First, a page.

University offers students academic credits for losing weight
"Hold on! Five seconds left!" Twenty students gathered in a circle, holding a plank in a gym in northern China's Tianjin University.
It was a course offered by the university, through which students can lose weight while earning two academic credits or additional awards such as bikes and swimming cards if they reached a weight-loss target.
"I ate a lot but seldom did exercises on campus," said Ma Wenzhuo, a sophomore student with the university. He hopes to shake the fat off and become handsome.
Ma was the first batch of 20 students, selected from 107 applicants, who joined the 21-day weight-loss course. The course was open to students with a body mass index over 26.
"We provided various courses including kickboxing, yoga and qigong, a system of breathing and exercise designed to benefit both physical and mental health, to improve students' strength, endurance, speed and dexterity," yoga teacher Jin Shiyu said. Jin is among the six-member coaching team.
Eating too much with high amounts of fat and calories and taking little exercises have led to an increase in obesity.
Obesity has become an increasingly serious problem. Statistics released by the Chinese Center for Disease Control and Prevention in 2017 showed 30 percent of Chinese adults are overweight, and 11.9 percent obese.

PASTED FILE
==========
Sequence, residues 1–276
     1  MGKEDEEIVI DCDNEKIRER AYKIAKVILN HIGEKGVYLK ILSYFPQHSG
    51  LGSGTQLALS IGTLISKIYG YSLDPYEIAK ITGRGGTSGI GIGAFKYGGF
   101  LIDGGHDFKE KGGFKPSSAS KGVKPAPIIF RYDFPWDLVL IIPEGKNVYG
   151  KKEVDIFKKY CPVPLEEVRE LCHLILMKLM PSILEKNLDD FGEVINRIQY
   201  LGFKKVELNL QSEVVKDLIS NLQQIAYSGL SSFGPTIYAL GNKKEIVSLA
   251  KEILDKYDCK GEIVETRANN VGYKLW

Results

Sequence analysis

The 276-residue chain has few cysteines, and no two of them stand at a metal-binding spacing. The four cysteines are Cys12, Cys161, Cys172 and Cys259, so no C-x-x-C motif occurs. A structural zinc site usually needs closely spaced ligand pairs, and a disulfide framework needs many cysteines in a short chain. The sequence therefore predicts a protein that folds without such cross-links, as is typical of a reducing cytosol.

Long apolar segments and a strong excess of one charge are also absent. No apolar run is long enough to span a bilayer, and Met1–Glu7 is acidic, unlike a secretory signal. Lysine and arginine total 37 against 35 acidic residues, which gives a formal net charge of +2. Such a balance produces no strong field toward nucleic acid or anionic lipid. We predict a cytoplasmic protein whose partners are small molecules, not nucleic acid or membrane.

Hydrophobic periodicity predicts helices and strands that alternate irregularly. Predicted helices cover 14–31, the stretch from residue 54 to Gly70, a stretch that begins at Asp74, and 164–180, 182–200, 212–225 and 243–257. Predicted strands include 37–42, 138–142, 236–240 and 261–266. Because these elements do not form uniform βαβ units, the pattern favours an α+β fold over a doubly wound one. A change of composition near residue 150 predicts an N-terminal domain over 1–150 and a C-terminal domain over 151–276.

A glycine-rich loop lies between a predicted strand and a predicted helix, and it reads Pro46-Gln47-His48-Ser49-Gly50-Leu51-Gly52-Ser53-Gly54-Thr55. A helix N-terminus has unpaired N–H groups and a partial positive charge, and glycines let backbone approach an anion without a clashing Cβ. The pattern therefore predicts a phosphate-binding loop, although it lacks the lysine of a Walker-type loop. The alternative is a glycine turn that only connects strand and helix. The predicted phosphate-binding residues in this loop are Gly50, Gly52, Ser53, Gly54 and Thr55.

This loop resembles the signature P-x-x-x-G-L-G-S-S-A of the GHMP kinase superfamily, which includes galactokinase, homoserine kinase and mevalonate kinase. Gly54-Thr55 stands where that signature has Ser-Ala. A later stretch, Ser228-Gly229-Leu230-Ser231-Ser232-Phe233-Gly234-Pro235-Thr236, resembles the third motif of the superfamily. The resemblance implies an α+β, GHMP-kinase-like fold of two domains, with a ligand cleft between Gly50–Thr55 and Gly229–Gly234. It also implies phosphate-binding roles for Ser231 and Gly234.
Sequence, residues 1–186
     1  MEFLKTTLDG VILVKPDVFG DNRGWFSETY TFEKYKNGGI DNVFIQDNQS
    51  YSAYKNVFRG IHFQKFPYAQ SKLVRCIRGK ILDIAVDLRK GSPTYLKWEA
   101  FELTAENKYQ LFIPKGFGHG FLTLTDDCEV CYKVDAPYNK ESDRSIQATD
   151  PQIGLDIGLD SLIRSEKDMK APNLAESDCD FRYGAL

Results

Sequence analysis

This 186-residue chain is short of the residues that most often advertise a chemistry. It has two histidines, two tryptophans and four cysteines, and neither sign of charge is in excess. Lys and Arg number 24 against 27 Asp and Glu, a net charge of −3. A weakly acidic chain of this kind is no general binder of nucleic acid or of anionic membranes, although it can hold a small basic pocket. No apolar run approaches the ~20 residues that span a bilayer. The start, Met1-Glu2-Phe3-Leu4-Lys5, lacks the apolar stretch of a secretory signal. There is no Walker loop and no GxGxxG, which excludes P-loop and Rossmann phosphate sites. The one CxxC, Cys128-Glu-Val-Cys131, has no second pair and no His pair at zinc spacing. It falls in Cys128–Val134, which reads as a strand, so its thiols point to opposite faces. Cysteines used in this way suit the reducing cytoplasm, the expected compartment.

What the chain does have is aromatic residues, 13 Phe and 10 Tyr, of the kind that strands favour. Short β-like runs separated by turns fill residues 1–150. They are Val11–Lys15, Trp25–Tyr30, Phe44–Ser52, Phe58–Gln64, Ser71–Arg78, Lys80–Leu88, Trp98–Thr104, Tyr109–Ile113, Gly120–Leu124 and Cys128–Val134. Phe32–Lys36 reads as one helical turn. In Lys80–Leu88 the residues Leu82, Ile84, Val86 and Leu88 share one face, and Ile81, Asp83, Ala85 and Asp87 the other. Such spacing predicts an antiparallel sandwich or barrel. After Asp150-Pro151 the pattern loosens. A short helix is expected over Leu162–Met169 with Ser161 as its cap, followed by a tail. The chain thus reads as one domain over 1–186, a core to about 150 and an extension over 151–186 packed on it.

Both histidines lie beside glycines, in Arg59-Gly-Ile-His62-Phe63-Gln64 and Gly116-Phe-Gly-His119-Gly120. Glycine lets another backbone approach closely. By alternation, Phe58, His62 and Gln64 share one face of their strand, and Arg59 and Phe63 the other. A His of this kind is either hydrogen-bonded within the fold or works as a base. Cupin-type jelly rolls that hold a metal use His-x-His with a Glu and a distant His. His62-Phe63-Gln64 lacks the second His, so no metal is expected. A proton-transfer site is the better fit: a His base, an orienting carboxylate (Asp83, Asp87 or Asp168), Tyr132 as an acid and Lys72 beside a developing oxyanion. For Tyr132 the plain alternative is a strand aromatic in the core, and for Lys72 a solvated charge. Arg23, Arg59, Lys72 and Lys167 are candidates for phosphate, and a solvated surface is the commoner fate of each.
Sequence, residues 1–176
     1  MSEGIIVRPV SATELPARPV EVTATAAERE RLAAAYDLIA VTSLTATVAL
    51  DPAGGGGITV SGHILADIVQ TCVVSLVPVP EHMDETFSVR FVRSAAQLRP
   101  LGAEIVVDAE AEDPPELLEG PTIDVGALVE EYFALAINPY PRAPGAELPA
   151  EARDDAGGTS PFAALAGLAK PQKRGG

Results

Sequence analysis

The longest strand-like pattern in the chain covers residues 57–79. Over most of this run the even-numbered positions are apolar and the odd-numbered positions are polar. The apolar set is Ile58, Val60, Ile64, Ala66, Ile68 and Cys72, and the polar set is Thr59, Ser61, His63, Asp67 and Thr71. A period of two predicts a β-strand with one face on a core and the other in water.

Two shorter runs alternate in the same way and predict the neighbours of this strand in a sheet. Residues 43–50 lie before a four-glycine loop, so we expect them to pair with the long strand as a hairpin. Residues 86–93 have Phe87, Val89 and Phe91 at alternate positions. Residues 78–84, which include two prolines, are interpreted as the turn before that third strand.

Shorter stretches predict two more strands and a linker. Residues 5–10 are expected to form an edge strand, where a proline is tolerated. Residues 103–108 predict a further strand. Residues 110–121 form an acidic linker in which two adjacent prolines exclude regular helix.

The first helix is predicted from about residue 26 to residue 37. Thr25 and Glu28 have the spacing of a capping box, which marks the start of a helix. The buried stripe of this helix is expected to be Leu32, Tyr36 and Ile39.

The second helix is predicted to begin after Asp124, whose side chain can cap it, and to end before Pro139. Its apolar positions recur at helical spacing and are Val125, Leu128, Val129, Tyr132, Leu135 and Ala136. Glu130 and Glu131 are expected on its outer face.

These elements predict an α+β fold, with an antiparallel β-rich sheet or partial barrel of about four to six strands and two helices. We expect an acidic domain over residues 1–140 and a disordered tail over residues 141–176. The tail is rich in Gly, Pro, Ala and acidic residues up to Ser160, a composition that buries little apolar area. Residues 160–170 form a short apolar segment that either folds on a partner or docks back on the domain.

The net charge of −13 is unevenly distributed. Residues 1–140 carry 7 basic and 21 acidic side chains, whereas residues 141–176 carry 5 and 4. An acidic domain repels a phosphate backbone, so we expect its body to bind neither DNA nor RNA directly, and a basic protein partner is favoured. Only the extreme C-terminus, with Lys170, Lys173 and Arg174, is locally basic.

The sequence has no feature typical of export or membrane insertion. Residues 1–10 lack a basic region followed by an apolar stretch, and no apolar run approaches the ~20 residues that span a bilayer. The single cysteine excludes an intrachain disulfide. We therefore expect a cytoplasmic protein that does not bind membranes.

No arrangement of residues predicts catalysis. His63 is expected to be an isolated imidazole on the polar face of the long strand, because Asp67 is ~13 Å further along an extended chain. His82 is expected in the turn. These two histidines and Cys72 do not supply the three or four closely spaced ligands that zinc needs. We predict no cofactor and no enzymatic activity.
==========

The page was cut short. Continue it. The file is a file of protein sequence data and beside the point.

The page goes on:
Most students overcame the physical fatigue and laziness, achieving satisfying results at the end, according to Jin.
"I will not simply hand out grades based on how many pounds of fat a student has gotten rid of," Jin said. "The training process is more important than the grade."
Chen Sainan, a freshman with School of Precision Instruments and Optoelectronics Engineering, has quit her beloved snacks and lost 3 kg already.
"It's a hard winter for me without candied fruit, spicy strips and milk tea, but I must keep a healthy diet just thinking about the bitterness of the training," Chen said.
"I'm a beneficiary of this campaign by losing weight from about 102 kg to 96 kg under teachers' guidance. Taking pictures everyday, I can directly see the change of my body shape and am more confident," said Guo Kai, another student.
It's not the first time for Chinese universities to launch weight-loss courses to tackle obesity.
Nannjing Agricultural University in eastern China's Jiangsu Province has also launched such courses through a combination of regular exercise and diet control.
"Losing weight is not the ultimate goal," said Zhang Jianbin, one of the organizers of the weigh-loss campaign in Tianjin University.
"We aim to inspire students to cultivate an interest in sports, a positive attitude and a spirit of self-discipline for their future."
(Source_title：University offers students academic credits for losing weight)